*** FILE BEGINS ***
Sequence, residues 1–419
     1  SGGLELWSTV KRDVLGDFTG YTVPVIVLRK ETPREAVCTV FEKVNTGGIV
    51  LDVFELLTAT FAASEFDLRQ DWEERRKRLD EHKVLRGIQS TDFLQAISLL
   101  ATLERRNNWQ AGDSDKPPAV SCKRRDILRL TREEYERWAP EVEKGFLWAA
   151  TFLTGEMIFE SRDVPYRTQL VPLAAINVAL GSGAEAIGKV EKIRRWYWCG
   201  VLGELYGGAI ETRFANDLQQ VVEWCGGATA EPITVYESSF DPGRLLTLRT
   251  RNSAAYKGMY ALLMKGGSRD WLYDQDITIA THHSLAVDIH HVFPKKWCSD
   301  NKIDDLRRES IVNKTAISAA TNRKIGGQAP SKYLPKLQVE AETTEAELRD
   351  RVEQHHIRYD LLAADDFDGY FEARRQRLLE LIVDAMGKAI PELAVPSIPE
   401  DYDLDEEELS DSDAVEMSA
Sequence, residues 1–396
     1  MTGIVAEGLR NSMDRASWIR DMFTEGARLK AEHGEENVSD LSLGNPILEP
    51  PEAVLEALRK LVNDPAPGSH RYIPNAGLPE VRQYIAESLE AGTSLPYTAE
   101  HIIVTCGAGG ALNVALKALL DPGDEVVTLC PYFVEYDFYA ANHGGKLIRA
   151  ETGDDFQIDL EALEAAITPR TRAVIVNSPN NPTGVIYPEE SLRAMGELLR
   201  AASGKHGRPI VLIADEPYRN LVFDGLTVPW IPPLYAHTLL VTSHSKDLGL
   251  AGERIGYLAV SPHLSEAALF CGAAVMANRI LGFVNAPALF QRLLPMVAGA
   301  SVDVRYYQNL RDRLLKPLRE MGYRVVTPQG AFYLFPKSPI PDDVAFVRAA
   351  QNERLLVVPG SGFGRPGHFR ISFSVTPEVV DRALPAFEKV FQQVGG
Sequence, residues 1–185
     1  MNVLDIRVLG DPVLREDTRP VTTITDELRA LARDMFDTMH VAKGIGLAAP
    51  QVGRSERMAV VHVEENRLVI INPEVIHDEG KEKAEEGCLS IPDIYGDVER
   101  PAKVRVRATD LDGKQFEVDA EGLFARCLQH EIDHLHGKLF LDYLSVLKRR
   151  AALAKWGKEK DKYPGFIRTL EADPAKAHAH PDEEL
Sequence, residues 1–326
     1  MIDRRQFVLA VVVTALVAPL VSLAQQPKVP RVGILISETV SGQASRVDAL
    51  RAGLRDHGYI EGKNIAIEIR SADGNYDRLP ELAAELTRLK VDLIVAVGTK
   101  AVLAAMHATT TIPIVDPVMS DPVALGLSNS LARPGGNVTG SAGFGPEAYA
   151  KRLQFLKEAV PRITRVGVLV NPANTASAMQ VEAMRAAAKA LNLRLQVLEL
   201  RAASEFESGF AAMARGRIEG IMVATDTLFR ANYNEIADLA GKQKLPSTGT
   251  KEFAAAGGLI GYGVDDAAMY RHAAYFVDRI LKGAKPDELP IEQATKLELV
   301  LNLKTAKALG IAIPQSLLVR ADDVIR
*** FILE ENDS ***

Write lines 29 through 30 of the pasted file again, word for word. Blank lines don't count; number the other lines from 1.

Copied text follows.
   151  KRLQFLKEAV PRITRVGVLV NPANTASAMQ VEAMRAAAKA LNLRLQVLEL
   201  RAASEFESGF AAMARGRIEG IMVATDTLFR ANYNEIADLA GKQKLPSTGT